The Idaho Potato Commission recognized secondary and postsecondary educators with the 2015 Idaho Potato Commission Innovation Awards at the 11th-annual Leadership Conference of the Center for the Advancement of Foodservice Education in Niagara Falls, New York, in June.
“Innovation is a critical component of leadership,” says Don Odiorne, IPC vice president-foodservice. “And when bright, courageous, and bold individuals share their learnings with others, we all benefit. The Idaho Potato Commission applauds culinary educators whose vision brings a new and exciting prospect to the arts of cuisine and hospitality.”
Collen Engle, chair of the culinary arts program at Miami Culinary Institute, part of Miami Dade College, received the top award this year for his solution to a challenge that many culinary programs nationwide face: exploiting culinary students as free labor by the school and community.
Engle says such labor too often lacks educational and career value to students, nor does it benefit the culinary program financially or the program’s image.
His answer to the dilemma: a formal stagiaire system to successfully engage students with the college and community, and result in meaningful practical experience outside the kitchen classroom. Engle’s strategy embraced criteria for assessing the value of any work request. Is it a learning experience? Does it result in job opportunities and/or student scholarships? Does it positively brand the culinary program?
For the last three years, the stagiaire system has been part of each culinary lab at MCI.
Engle says students now get excited about their outside work, which ranges from tending the school’s organic garden to supporting chef demos at trade shows to cooking and serving crowds at events such as the Taste of Miami with the Miami Marlins and Miami Book Fair International.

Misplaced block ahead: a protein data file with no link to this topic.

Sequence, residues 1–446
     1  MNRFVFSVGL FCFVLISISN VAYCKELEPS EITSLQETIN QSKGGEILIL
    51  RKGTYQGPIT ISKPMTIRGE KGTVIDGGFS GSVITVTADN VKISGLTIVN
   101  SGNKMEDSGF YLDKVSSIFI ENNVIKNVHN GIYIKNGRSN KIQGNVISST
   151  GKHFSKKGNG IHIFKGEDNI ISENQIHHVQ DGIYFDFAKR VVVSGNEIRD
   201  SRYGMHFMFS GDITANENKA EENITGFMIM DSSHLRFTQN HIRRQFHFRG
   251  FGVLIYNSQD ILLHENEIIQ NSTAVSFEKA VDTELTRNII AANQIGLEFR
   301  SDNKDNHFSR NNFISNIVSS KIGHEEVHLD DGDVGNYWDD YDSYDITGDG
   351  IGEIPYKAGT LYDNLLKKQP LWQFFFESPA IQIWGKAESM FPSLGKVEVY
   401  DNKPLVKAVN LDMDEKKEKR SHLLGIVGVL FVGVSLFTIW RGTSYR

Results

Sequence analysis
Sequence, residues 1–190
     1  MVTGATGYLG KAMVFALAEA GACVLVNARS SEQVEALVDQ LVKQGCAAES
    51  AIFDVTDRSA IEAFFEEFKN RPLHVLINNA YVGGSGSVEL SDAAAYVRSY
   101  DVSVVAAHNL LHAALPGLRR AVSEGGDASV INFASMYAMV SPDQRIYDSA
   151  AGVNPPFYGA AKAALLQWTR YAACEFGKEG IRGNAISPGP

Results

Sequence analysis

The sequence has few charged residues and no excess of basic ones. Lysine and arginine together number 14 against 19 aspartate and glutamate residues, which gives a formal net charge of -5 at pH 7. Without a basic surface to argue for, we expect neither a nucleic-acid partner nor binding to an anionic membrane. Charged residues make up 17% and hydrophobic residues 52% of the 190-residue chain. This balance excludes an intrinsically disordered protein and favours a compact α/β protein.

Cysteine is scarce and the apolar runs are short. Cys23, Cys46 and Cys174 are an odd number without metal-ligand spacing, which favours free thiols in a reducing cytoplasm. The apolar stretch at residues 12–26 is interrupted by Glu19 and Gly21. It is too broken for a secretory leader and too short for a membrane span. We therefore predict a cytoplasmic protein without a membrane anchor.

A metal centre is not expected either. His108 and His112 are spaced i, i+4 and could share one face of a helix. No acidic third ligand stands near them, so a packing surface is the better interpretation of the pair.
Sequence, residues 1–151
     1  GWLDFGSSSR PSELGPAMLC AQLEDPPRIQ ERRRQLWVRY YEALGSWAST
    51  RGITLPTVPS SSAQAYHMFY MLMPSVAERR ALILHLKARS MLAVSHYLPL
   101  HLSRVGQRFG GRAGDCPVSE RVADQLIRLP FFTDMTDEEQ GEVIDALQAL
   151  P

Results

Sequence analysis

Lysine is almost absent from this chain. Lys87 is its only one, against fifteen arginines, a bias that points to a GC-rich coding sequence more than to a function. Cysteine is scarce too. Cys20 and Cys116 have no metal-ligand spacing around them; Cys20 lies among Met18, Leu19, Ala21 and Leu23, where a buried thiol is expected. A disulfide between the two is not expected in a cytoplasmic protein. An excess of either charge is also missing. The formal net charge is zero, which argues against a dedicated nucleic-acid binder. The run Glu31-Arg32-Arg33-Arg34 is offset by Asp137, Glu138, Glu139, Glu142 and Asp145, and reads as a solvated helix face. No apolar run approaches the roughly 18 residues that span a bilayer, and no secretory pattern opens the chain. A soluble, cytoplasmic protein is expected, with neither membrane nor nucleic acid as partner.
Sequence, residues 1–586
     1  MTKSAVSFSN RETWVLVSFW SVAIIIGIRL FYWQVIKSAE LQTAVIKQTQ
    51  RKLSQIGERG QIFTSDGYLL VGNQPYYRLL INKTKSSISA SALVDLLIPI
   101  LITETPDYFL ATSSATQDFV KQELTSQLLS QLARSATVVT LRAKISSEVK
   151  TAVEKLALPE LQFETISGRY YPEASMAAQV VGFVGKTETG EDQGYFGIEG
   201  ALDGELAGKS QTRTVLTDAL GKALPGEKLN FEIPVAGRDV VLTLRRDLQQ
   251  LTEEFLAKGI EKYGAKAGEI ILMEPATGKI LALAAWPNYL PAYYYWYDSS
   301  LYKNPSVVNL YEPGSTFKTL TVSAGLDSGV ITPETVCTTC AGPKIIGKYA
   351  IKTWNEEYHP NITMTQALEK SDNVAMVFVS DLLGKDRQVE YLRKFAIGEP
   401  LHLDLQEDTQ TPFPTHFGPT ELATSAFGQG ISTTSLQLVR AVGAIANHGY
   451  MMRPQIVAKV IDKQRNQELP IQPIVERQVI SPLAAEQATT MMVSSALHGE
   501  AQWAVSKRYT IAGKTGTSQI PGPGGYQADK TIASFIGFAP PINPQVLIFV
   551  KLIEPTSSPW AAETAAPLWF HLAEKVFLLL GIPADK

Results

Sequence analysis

More than $60,000 in scholarships has been raised—softening the burden of student debt—and more than 20 MCI graduates have accepted jobs related to the events and activities they worked as students.
For his first-place recognition, Engle received $1,500 from the Idaho Potato Commission and full registration to CAFÉ’s 2015 Leadership Conference at Niagara Falls Culinary Institute.
Two runner-ups in 2015 each received a complimentary registration to the Leadership Conference and $500 from the Idaho Potato Commission.
Anna M. Page, assistant hospitality management professor at Johnson County Community College in Overland, Park, Kansas, partnered with Feeding America and its local food bank to teach her students how to teach others in the community healthy, economical cooking.
Page says students gain experience teaching while reinforcing the material they’ve learned. Those in need in the community learn basic essential cooking skills and more about nutrition, plus receive free bags of groceries from the food bank.
Pam Sloan, a culinary-arts teacher at Manchester High School in Midlothian, Virginia, offers her students experience in event planning, food costing, leadership, and teaching.
Working with local elementary schools, Sloan annually challenges her students to develop and cost out a recipe that follows calorie and allergen guidelines for live demonstration and tasting for kids in kindergarten through fourth grade. This year, working from mobile table-top kitchens, Sloan’s students worked in pairs to prepare whole-grain lo mein with vegetables and pineapple/kale smoothies for each group of six elementary students.